Here's a simple truth: any student working toward a college degree will have to work hard.
Sometimes, though, that path contains additional inherent challenges. Whether these challenges are physical, emotional, or cognitive in nature, a deserving student should have the opportunity to succeed in advanced education and, beyond that, the workplace.
The good news is that there is an expansive array of scholarships for people with disabilities.
Likewise, many universities offer financial aid opportunities as they actively recruit disabled students. There are also private organizations with money to give, and you may even find disability-oriented scholarships locally.
The trick is knowing where to look and how to apply.
Where to find grants and scholarships
There is an abundance of scholarship info available online. This is a bit of a blessing and a curse, really, because finding what you need can be a needle-in-a-haystack situation.
Spending too much time searching and not enough time finding can be discouraging.
Selecting a header will reveal boxes of individual scholarships. Click on View Scholarship for details and due dates.
NOTE: Many of these scholarships are offered annually. If the deadlines have passed for this year, you should still take note of these opportunities for next year. Set a calendar reminder to check back in several months.
The General Disability tab presents a variety of scholarships, some with equally unique application requirement s...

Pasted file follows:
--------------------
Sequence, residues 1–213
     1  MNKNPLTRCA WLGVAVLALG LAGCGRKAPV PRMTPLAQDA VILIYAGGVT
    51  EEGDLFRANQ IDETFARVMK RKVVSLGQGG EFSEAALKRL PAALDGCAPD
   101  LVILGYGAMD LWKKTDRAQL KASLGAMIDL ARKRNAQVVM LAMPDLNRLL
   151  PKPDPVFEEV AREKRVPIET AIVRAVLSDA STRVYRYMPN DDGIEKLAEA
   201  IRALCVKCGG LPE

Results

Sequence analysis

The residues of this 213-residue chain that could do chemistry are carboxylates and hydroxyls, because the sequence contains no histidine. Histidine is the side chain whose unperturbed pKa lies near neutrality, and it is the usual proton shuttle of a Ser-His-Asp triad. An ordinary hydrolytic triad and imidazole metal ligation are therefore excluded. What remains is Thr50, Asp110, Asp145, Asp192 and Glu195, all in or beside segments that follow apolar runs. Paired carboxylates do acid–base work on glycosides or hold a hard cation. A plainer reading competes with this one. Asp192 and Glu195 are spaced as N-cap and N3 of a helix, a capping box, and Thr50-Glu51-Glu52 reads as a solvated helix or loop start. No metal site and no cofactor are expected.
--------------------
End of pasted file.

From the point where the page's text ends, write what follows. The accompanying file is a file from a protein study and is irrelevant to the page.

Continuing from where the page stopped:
As with many scholarships, the criteria for application can be quite specific—like this one in the Hearing Impairments section:
Thepull-down for Learning & Cognitive Disabilities includes numerous scholarships for students with autism, dyslexia, traumatic brain injuries, and other conditions.
The Physical Disabilities tab also casts a wide net: scholarships for former athletes who’ve had a life-changing illness or accident, burn survivors, people with muscular dystrophy, epilepsy, and more.
The Visual Impairments tab also features a variety of scholarships that reflect different needs and interests.
The final drop down selection, Chronic Illnesses, encompasses conditions ranging from sickle cell anemia to narcolepsy.
The scholarships we've presented here are just a small sample of what's available.
Sure, some scholarship requirements are super-specific. For example, the R.L. Gillette Scholarship is intended for legally blind women pursuing a four-year undergrad literature or music degree. Now, that may not be you or someone you know, but it does reinforce that there a lot of scholarships out there. Whatever a person's situation, it's worth a look.
Nitro Contributor is a team of freelance writers that have years of experience in helping others successfully navigate thru the college process. Their experiences include how to prepare for college, how to responsibly pay for college and more. Read more by Nitro Contributor